No one in their right mind would ever serve on a board, as either an officer or director, if boards did not have a directors & officers liability policy. No one wants to be sued personally and exposed to personal liability for decisions they made in good faith on behalf of a board. And, if they are sued, absent fraud or intentional misconduct, they want to know there is a liability insurance policy that will defend and indemnify them for claims associated with their errors, omissions, alleged wrongful acts, and breach of fiduciary duties. Such claims need to be covered to ensure a board attracts qualified directors and officers; otherwise, good and qualified people will be deterred by the potential exposure of personal liability.
A directors & officers liability policy (known as a D&O policy) covers claims against a board, including a board’s officers and directors, for their errors, omissions, wrongful acts, and breach of fiduciary duties. There is no one-size-fits-all model when it comes to D&O policies so as a board member it is important to know what is covered and what is not. Typically, these are claims made policies that cover claims within the policy period. Also, they are typically declining balance policies meaning that every dollar spent on defense costs reduces the amount of available insurance.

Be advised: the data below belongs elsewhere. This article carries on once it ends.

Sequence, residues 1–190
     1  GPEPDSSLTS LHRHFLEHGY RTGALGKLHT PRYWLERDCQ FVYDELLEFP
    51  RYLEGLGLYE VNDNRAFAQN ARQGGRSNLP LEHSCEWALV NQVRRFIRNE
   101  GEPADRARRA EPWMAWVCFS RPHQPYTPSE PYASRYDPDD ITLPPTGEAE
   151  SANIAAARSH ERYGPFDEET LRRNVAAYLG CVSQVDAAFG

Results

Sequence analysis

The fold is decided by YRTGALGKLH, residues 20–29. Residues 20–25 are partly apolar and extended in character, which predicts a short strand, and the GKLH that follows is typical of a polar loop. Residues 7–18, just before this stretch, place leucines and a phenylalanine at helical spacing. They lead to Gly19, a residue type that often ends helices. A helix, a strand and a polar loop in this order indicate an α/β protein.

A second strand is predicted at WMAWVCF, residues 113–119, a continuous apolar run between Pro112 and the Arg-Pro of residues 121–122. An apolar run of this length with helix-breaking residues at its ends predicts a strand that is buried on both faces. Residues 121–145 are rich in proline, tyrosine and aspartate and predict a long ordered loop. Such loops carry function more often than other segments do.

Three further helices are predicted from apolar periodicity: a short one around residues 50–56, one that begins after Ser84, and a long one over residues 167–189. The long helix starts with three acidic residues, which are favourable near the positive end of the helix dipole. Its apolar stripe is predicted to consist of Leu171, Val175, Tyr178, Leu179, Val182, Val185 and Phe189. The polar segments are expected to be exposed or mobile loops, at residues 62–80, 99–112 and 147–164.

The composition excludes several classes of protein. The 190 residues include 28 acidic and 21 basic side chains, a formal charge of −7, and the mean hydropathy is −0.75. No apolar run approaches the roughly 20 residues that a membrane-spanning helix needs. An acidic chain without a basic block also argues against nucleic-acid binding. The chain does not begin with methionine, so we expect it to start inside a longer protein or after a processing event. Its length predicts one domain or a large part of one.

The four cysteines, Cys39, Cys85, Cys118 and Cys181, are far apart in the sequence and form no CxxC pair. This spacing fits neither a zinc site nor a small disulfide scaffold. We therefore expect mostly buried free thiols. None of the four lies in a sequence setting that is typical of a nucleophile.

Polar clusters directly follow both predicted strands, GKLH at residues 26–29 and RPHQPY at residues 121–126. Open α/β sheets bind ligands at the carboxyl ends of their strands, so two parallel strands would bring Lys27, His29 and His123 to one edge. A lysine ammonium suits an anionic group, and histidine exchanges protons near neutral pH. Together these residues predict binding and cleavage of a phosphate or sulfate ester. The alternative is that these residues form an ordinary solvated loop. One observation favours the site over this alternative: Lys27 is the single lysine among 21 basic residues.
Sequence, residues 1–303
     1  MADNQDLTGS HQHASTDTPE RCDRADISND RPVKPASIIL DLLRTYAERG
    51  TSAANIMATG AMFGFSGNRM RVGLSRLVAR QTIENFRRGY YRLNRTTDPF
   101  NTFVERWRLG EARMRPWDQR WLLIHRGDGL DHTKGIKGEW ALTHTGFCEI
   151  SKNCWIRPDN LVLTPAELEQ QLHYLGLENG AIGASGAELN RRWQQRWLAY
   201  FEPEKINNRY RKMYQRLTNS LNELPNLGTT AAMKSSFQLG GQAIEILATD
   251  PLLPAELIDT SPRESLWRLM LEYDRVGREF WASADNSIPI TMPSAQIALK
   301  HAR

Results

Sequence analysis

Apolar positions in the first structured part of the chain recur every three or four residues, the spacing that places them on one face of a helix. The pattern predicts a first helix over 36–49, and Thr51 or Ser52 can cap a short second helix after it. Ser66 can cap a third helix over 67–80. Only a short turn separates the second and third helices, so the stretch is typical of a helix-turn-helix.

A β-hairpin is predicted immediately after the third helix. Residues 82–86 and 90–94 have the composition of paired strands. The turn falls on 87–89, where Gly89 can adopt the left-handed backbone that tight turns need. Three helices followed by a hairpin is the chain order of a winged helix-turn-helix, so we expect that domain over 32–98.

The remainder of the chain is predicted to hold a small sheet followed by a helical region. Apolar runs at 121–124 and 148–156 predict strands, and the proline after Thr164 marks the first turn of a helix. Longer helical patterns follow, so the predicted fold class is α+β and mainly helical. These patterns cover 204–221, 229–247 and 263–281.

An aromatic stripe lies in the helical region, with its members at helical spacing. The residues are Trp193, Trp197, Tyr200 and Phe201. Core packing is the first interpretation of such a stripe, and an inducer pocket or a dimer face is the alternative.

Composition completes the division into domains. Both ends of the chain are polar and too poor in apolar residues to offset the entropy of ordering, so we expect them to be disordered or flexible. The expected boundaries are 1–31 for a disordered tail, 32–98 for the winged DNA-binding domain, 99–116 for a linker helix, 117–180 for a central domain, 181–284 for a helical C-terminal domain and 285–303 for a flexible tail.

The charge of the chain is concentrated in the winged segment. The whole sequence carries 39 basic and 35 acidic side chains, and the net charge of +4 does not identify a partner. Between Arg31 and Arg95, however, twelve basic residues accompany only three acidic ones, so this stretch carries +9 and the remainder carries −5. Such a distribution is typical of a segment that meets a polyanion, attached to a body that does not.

While a D&O policy is absolutely important for boards, it is not designed to insure everything. No insurance policy is. These policies generally are not going to cover fraudulent or dishonest acts by the board. They also are not going to cover property damage or personal injury. (There is other insurance for property damage and personal injury.) There are of course other exclusions that will limit the applicability of the policy which is why it is important to know what is covered versus what is not covered.
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